Apr/May 2012

Cheap Eats

Toting up the costs and benefits of the global food system

Kate Christensen


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Along with global warming and the environment, food has become one of the foremost political issues in America, especially among educated, well-heeled liberals. The emerging sensitive-foodie ethos hinges on a heightened awareness of those “starving children in Africa” whom our mothers invoked in order to make us eat our brussels sprouts—but adherents of the rawer, purer locavore gospel have lately built out the critique to include the obese, diabetic kids right here at home.

During previous decades, food was unhealthy or not, fattening or not. Now it carries the additional potential indictment of being politically and ecologically incorrect. And consequently, instead of savoring the rarest caviar or truffle, kumquats flown in from New Zealand, or deep-sea bluefin-tuna steak, food aficionados are expected to buy locally, eat green, and stay away from endangered species and toxins, while pointedly shunning the irradiated, genetically modified food that has to travel thousands of miles to reach us. Now it’s all about wild game or meat raised the old-fashioned way; “clean,” nonendangered, humble-pie fish such as sardines and mackerel; artisanal cheese, stone-ground non-GMO polenta, and organic potatoes—whole food, real food, simple plain honest food. To take just one complicating factor here, it’s now become fearsomely difficult for the conscientious foodie to order takeout: all those cartons and plastic containers. Meanwhile, labels in higher-end grocery outlets such as Whole Foods typically trumpet what’s lacking: Trans-fat free! Gluten free! No preservatives! No fat! Sumptuousness and gluttony are out; ethics and eco-sensitivity are in. There’s just one rub: You have to be rich these days to eat like a peasant.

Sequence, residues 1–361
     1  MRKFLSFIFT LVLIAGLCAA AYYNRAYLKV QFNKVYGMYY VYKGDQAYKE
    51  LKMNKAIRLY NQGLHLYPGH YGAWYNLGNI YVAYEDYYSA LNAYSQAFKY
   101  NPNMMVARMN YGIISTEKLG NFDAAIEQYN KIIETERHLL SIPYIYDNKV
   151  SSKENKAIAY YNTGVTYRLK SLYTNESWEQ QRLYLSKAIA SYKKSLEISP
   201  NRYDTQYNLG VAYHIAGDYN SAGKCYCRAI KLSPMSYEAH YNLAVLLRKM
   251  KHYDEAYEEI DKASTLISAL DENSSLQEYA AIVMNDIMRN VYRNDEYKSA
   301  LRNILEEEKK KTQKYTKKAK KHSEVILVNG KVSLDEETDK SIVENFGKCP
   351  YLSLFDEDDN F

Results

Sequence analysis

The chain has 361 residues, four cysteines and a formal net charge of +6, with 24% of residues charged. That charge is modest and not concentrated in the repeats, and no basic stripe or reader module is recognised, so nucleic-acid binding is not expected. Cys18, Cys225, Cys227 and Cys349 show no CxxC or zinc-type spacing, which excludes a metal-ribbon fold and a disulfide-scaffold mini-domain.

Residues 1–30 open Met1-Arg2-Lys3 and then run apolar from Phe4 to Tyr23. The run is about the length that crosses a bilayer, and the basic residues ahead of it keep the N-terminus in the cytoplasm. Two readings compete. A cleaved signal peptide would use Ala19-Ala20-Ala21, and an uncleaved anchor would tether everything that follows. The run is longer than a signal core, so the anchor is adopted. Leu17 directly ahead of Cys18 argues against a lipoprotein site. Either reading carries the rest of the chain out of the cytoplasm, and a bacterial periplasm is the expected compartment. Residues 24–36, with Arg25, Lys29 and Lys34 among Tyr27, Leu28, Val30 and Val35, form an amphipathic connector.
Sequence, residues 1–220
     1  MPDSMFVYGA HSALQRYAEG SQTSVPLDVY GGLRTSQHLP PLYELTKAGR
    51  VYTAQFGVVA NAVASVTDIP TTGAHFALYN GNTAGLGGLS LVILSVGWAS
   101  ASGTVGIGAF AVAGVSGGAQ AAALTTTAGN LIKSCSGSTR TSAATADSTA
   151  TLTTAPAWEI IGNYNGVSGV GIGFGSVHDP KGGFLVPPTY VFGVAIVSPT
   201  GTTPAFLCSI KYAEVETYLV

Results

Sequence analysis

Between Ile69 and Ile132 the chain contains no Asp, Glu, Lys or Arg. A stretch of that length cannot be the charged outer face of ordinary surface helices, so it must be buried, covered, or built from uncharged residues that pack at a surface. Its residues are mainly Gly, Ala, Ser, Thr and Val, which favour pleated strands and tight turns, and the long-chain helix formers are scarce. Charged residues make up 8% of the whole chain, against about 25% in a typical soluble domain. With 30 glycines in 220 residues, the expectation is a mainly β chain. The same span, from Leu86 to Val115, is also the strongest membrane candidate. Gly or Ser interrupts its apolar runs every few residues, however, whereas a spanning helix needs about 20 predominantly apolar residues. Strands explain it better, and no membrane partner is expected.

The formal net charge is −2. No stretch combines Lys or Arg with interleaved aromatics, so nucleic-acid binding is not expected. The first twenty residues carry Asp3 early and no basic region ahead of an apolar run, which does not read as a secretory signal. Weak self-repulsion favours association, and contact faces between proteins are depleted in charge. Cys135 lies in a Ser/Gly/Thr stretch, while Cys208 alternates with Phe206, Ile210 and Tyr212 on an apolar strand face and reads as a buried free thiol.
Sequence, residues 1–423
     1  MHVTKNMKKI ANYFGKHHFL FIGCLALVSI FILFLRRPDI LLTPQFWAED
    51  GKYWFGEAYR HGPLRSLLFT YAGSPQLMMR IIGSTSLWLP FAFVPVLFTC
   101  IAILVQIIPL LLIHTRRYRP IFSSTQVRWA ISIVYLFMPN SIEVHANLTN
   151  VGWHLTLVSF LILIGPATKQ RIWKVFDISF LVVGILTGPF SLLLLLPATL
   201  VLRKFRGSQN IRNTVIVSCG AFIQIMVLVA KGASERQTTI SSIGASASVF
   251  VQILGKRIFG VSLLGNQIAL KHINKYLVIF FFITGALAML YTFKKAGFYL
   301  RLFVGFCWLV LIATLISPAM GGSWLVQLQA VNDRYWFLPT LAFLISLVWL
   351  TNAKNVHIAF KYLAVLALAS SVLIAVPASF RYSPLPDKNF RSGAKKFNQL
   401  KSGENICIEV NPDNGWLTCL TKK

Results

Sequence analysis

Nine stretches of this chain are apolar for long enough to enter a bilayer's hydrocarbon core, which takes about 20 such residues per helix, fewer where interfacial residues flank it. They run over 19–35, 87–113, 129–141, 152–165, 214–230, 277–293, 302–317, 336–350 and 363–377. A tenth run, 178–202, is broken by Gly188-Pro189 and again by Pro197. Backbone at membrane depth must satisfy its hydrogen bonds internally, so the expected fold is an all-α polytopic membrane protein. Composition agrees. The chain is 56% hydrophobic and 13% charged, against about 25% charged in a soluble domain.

Or do you? In his latest book, An Economist Gets Lunch, economist Tyler Cowen attempts to turn the “pessimistic,” “paternalistic,” anti-innovative assumptions of the practiced locavore on their head. As a food blogger, he writes about meals he’s had in various countries, most of them cheap and not where one might expect to find them. As an economist, he patiently constructs an interpretation of the current thinking on what and how to eat—arguing with some of his own assumptions along the way. And as a writer, he holds forth in the style and manner of that garrulous, crackpotty, but genuinely enthusiastic guy who sits next to you on an airplane.